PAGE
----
Salesforce Building a Campus
Giants Win World Series
In other news from San Francisco, Salesforce.com will build a corporate campus on Mission Bay in San Francisco. According to the San Francisco Chronicle, the company has acquired 14 acres in a 303 acre redevelopment zone near AT&T Park in Mission Bay with a value of $278 million and will build a two million square foot campus there over the next decade.
Of course, this is a great endorsement for the city and the region which has long been a center of entrepreneurship and innovation in technology. But it also does some good things for Salesforce.com. It will help to consolidate the company’s headquarters staff under one roof, though thanks to innovations like Salesforce’s Chatter collaboration software, geographically locating the staff will likely become less important.
Nonetheless, there is ample evidence that companies that have campuses can offer their employees better quality of life—both at work and during off hours—thus making the employer more desirable thus making it easier to attract top talent.
I spent a day last week at SAS Institute’s Cary, NC campus and saw first hand how this can work. The company was founded in 1976 and is still private despite having revenues of $2.31 billion last year. SAS may be a model of what a company can accomplish with some luck, hard work and a campus. Some quick numbers they give visitors tells the story:
300 developed acres
4,600 people on campus, part of a workforce of over 11,000 worldwide
Founder and CEO Jim Goodnight, PHD likes to bring everything back to efficiency and believes his campus promotes it in his workforce. People who have less to stress over, like child care for instance, are more productive. So it’s no surprise to find the following amenities on the SAS campus.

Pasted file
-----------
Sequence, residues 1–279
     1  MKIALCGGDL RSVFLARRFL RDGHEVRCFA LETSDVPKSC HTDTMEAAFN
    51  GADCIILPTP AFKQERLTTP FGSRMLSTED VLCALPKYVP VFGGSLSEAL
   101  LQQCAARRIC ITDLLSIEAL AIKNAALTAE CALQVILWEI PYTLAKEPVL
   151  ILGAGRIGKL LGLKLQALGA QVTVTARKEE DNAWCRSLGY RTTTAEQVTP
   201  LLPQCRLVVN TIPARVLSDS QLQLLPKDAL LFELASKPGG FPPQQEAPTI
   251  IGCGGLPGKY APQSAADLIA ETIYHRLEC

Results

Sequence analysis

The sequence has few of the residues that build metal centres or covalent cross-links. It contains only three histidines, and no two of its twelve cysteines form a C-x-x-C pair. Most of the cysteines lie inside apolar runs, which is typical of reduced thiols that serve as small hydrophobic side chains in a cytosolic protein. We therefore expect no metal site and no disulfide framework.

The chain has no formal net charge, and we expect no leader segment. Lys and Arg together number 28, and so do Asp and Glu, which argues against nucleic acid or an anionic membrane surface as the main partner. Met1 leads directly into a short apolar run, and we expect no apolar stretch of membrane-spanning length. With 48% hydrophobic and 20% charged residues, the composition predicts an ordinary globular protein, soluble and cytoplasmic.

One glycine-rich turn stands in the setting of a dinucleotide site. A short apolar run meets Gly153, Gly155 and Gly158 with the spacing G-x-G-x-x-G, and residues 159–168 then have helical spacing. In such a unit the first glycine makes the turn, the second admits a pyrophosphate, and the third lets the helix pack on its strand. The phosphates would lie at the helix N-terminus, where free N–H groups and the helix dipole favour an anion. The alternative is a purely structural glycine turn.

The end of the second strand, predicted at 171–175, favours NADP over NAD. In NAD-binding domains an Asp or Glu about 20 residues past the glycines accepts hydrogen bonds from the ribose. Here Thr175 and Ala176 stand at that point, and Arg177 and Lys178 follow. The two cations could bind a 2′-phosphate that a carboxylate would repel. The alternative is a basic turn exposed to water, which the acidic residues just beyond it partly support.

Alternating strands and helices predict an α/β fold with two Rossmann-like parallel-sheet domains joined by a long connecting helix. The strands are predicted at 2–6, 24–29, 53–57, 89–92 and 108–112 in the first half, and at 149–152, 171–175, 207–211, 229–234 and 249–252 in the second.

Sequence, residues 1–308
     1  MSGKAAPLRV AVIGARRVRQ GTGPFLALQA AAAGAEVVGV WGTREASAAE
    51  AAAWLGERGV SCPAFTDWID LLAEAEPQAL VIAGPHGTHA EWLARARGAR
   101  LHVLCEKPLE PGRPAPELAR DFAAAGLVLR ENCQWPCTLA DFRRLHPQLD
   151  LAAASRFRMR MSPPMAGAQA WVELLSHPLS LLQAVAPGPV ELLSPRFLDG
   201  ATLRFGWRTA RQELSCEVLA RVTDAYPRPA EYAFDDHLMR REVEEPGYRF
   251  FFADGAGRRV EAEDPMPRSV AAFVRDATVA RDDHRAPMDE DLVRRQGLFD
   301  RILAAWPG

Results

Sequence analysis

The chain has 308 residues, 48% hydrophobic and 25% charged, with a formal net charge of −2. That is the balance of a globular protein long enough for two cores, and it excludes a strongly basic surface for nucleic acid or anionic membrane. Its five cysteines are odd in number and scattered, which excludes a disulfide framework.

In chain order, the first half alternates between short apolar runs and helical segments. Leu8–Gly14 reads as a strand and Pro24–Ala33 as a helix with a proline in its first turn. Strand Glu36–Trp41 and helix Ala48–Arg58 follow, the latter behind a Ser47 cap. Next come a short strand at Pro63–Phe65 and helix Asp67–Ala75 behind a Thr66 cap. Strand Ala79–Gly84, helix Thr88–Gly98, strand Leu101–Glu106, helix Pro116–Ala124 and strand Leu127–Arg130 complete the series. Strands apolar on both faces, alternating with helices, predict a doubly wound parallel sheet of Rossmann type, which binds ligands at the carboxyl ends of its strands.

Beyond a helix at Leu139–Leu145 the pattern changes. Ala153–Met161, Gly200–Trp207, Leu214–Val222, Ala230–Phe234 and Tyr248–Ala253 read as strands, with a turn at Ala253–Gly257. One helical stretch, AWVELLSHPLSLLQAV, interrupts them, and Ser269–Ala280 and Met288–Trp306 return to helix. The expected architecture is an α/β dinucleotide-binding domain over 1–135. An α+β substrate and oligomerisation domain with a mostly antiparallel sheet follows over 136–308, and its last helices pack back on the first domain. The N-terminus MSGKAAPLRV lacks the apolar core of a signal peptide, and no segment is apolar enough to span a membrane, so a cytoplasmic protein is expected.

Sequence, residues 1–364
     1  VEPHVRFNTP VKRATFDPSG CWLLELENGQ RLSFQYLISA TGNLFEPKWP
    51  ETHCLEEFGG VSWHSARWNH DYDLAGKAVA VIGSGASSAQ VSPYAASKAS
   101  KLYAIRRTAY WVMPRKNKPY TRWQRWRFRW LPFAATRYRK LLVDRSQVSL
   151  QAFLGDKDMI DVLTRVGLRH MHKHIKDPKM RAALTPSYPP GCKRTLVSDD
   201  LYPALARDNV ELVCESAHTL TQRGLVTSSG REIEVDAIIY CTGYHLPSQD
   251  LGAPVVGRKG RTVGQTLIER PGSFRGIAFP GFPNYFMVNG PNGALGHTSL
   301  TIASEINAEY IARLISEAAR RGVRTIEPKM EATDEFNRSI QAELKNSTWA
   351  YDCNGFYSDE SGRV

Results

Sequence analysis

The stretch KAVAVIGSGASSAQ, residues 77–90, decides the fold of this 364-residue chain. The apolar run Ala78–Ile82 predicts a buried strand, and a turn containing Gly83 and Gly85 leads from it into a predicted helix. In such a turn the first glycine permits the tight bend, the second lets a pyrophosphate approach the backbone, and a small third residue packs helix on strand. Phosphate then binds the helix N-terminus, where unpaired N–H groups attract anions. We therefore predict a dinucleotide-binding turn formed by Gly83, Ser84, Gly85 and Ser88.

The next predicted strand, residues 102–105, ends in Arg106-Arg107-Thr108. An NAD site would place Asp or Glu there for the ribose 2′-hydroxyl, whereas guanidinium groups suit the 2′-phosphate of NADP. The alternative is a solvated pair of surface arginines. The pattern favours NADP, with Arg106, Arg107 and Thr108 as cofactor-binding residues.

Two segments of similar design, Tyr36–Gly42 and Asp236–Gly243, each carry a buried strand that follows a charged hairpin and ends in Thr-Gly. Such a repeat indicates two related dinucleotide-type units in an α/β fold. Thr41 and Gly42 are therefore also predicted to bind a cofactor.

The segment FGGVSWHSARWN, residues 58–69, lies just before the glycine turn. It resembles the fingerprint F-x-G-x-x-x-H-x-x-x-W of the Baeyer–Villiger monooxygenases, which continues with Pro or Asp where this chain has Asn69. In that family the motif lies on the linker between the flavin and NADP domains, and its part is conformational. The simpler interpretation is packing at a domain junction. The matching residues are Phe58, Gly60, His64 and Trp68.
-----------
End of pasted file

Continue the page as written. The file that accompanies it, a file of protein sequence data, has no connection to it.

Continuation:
Child care, an infirmary, various athletic fields and facilities including a junior Olympic sized pool, three subsidized cafeterias. My favorite amenity though is the two artists in residence who develop some of the art on the walls—the better to promote creativity in the staff.
It goes on but the major point I wish to focus on is that this private company has never had a layoff, never had a down year, always made a profit and never borrowed a dime. It doesn’t hurt to have good products and shrewd management to pull off this kind of feat and neither does treating your people well.
This is a very different model from what we see in most of the rest of the U.S. and maybe the world today. To find a model like this you need to go back to the mid-twentieth century and the industrialist Henry Kaiser, founder of Kaiser Shipyard which built Liberty Ships in WWII, Kaiser Aluminum and Kaiser Permanente which initially provided healthcare for his workers. You should look him up. Meanwhile I look forward to seeing what Salesforce develops on Mission Bay.